Eric Ruark's picture


  by  Eric Ruark

A couple of weeks ago we told you about a protest by the group Doctors without Jobs outside the D.C. headquarters of the Association of American Medical Colleges (AAMC). They were in town to bring attention to the 6,570 U.S.-citizen medical school graduates in good standing who are unmatched with residencies.

The problem they face is that even with an M.D., a physician cannot practice without residency training. This leaves thousands of qualified individuals unable to work as doctors, many of who remain heavily in debt with unpaid medical school federal loans. At the same time, foreign-national physicians are being admitted into the U.S. to take residency slots that should be reserved for U.S. citizens, who are capable and qualified to work in their home country.

There is no shortage of doctors in the United States. The problem is a shortage of residencies for medical school graduates.

The work of Doctors without Jobs to publicize their cause paid off in a big way. Last week, The New York Times ran a story about unmatched U.S.-citizen doctors (The citizen part was not emphasized. We’ll touch on that later).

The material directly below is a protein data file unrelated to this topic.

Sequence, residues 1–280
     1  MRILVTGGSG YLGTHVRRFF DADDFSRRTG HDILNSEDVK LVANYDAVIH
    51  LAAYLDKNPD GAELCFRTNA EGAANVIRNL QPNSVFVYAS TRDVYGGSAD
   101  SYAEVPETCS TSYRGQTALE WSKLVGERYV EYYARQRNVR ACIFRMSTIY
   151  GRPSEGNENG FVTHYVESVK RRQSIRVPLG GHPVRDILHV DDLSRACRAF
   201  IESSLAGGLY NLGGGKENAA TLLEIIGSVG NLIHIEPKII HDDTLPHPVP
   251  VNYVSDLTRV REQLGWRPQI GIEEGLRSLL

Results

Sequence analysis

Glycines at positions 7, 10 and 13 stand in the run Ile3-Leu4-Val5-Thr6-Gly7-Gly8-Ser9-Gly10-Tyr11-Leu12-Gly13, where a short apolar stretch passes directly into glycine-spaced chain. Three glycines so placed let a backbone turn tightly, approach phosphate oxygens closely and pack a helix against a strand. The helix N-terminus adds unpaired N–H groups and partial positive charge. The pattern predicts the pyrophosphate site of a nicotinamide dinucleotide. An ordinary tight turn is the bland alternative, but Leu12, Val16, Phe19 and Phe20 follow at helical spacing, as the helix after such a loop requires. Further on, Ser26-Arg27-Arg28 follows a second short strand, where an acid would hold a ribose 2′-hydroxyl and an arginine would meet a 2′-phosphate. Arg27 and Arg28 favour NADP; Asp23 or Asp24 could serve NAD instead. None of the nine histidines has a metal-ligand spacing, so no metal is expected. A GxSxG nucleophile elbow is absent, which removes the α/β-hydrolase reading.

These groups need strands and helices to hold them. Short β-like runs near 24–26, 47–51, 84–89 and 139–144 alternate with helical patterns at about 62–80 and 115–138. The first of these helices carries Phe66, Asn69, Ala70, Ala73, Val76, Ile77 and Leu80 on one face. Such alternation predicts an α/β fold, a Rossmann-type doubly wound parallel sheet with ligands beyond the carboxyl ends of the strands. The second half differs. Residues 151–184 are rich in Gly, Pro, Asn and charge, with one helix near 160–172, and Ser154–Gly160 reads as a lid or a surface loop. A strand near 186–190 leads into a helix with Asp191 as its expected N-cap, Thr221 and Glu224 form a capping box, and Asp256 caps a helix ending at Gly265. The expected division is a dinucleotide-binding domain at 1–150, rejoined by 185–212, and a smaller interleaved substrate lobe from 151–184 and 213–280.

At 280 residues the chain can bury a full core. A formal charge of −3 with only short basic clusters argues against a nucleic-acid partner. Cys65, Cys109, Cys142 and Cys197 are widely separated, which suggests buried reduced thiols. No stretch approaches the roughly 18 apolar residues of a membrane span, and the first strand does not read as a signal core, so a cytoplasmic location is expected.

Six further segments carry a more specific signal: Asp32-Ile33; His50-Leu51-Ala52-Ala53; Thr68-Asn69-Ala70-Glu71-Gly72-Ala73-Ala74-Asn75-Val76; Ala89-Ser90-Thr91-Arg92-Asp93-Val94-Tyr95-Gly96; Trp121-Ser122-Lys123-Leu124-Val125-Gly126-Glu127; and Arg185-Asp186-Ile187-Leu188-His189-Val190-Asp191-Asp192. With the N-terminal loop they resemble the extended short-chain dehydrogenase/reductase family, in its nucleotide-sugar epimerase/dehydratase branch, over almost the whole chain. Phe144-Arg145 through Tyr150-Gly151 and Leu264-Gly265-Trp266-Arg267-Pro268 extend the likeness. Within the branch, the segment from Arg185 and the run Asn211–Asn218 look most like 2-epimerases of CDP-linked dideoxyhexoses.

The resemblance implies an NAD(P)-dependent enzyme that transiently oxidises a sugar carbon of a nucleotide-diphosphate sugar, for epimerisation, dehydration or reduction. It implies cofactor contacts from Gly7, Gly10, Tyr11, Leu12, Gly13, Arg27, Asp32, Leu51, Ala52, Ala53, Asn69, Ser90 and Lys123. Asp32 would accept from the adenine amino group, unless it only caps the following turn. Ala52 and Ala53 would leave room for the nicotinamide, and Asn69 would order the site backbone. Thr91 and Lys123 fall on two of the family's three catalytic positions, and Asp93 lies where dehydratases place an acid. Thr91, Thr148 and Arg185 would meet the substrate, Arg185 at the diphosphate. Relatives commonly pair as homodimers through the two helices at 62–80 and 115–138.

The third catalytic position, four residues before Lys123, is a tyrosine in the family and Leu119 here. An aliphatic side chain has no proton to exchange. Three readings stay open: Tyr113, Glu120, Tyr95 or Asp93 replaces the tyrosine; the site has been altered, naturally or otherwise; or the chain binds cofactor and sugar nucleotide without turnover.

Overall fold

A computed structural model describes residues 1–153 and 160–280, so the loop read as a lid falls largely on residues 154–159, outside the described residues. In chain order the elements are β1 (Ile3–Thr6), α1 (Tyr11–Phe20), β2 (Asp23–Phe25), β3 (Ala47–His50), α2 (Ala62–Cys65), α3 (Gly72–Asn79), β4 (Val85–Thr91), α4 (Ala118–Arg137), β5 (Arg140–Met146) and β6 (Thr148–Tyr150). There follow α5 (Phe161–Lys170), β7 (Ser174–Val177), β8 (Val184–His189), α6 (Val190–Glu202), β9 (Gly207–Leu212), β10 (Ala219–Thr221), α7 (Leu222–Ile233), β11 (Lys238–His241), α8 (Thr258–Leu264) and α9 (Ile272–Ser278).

Entitled “‘I Am Worth It’: Why Thousands of Doctors in America Can’t Get a Job,” the Times story by Emma Goldberg gave voice to several doctors who have gone unmatched. Dr. Kristy Cromblin, whose quote appeared in the headline, was the first person in her family to go to college. She entered medical school but had to take seven years off due to personal circumstances. Returning and graduating with a medical degree in 2012, she has yet to find a residency match.

Dr. Cromblin is one of as many as 10,000 chronically unmatched doctors in the United States, people who graduated from medical school but are consistently rejected from residency programs. The National Resident Matching Program promotes its high match rate, with 94 percent of American medical students matching into residency programs last year on Match Day, which occurs annually on the third Friday in March. But the match rate for Americans who study at medical schools abroad is far lower, with just 61 percent matching into residency spots.